Keeping the past quiet
Sharp knew something was different about him when he was a young girl. He hated dressing up and he never felt comfortable wearing makeup or fixing his hair. He was more interested in playing army or working in the shop with his father.
As he grew up, he found that he was sexually attracted to women and he began to live his life as a lesbian.
"I assumed then if I was only attracted to women, I must be a lesbian and a butch," he said.
From about the age of 30, Sharp was very androgynous in appearance. At times he was harassed.
"People would come up to me and grab my genital area to find out if I was male or female," he said.
Today, most people who didn't know Sharp before the transition don't know he used to be female. It's not obvious by looking at him and he doesn't discuss it much. He doesn't talk about what his name was before and he doesn't show pictures.
When he goes to the men's locker room at the YMCA, Sharp is careful not to expose any difference.
"The first time I went to a men's restroom scared the dickens out of me that I'd be discovered and beaten to a pulp," he said.
Sharp's 15-year-old stepson knows that Sharp used to be a woman, but it doesn't bother him, Sharp said.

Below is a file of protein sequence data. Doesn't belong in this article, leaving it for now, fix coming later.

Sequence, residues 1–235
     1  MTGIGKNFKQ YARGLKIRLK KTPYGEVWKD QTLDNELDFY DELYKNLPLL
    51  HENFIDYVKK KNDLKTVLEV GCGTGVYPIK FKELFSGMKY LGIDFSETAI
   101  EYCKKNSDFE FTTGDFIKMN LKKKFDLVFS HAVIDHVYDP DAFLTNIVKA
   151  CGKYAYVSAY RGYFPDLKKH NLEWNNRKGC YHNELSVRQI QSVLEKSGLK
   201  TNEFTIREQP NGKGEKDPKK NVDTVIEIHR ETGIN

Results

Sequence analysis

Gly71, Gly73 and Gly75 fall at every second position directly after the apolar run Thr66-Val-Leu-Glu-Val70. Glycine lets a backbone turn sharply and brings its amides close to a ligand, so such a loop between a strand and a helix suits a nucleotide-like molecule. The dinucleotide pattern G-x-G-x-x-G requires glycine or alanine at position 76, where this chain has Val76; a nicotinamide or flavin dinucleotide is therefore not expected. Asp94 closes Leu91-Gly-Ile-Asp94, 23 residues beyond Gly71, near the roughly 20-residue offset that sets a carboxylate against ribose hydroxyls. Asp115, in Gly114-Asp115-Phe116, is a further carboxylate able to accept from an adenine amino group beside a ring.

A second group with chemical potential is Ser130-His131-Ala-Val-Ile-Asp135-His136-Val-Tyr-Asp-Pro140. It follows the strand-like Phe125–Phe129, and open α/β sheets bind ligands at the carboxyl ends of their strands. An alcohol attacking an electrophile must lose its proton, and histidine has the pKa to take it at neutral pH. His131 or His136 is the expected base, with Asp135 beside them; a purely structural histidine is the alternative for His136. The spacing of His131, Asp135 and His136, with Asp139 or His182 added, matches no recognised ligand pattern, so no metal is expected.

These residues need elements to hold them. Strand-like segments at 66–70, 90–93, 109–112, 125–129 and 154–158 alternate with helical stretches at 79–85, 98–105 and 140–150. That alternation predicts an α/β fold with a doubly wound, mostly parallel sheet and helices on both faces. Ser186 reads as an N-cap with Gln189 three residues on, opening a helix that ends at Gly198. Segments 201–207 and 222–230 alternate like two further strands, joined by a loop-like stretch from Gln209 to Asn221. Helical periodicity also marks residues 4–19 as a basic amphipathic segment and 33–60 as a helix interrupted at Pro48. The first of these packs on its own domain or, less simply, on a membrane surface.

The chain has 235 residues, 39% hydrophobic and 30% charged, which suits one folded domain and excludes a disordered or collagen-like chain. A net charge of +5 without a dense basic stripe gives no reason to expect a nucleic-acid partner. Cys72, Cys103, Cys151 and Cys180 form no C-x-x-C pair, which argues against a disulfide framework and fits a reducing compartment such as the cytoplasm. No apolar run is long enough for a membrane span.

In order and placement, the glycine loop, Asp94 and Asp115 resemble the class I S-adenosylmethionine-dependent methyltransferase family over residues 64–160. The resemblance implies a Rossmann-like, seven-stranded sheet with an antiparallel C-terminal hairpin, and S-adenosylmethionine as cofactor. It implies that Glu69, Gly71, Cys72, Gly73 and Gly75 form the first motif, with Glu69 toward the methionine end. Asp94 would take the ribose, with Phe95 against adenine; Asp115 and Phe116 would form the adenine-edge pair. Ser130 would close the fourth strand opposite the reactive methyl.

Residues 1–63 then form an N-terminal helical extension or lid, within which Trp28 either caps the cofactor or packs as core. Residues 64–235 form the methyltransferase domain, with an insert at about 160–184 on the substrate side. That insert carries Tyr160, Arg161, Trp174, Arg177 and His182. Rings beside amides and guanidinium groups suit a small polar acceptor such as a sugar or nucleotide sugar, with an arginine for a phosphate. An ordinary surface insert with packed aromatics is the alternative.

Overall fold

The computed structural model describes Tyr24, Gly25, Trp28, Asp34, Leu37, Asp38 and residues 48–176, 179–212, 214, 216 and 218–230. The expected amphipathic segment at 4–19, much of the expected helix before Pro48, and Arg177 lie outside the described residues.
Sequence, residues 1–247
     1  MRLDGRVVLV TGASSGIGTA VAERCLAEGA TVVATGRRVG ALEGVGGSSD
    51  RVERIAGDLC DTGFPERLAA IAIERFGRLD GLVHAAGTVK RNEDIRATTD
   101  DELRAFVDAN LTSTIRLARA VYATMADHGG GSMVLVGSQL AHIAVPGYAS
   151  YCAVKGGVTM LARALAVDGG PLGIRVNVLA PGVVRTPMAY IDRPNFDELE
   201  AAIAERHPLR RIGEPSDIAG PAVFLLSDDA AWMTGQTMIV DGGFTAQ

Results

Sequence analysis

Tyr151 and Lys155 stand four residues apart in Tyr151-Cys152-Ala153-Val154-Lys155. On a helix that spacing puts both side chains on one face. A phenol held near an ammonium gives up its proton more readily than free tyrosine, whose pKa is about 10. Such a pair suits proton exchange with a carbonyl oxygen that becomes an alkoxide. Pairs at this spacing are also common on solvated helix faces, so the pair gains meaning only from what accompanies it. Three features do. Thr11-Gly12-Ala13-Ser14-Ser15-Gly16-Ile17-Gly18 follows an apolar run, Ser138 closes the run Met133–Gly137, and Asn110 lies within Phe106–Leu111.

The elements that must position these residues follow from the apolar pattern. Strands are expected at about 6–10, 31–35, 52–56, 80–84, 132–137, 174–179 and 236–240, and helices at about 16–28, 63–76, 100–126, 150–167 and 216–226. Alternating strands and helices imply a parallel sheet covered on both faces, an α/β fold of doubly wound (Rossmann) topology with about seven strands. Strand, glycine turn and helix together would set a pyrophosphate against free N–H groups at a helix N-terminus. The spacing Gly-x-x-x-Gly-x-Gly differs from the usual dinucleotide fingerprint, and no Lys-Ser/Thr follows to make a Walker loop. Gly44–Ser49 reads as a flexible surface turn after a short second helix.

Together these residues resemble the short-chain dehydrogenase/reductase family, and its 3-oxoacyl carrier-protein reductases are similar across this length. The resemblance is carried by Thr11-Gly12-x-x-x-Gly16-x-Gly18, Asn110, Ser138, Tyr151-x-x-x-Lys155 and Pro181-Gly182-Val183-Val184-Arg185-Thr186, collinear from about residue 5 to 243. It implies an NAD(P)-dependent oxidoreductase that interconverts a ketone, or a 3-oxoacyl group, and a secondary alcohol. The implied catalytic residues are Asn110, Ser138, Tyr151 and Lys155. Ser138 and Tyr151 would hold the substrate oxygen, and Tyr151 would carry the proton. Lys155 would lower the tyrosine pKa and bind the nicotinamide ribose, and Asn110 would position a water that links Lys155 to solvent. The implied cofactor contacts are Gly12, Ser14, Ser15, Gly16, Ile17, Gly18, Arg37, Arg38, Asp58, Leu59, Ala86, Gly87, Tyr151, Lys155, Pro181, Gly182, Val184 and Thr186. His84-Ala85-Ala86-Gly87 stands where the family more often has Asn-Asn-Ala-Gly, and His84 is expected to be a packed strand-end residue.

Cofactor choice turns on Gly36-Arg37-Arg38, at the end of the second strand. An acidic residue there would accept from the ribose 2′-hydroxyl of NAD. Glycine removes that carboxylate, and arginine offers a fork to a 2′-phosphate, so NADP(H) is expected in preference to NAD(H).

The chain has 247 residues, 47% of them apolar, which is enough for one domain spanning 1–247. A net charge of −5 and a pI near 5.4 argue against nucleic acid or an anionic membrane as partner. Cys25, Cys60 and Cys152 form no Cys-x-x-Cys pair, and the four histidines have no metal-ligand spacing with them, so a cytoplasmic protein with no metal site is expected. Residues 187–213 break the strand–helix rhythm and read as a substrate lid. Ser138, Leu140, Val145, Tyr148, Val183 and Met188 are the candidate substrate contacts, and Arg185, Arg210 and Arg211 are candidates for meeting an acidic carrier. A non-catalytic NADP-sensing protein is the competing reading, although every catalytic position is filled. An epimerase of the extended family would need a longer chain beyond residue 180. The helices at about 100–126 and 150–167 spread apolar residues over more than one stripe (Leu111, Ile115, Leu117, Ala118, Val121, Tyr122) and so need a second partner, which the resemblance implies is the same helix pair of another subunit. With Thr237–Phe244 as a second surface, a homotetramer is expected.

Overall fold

"We told him but I think he's forgotten. I'm just dad now," he said.
Still, Sharp aims to keep his past quiet for his stepson's sake. He fears his stepson could get assaulted in school by bullies who found out.
"I would hate to have my son not feel safe because of who I am," he said.
Sharp's wife considers herself bisexual, Sharp said. She was previously married to a man.
"I used to walk around saying 'God, I hope you find me a bi woman because I don't think anybody else will know what to do with me," Sharp said.
Among Sharp's most difficult struggles as a transgender person have been those he's had with religion. He fought to become an ordained minister in the Pentecostal Church as a woman in 1976. Later, he left the church after the threat of being excommunicated for being homosexual.
"The church that I had known had preached the gospel of fear and was spiritually abusive," Sharp said.
He eventually found the Wayside Church in Federal Way.
"That church has been the most healing experience," he said. "It's a healing place. The people are accepting."
These days, things are going well for Sharp. He hopes that people learn from him that transgender people are not freaks.
"We're normal people with normal lives. We don't want to harm anybody. We just want to have our own lives. To live and love," he said.
People who are opposed to homosexuality based on religion often quote a verse in the Bible that says it is an abomination for a man to lay with another man as a woman.
"Two gay men in love are not laying with another man as a woman. They are laying with a gay man in love," Sharp said.
"For me, the Bible is very clear that God doesn't care who you are," he said. "God loves. God welcomes. God forgives. Because we've all sinned."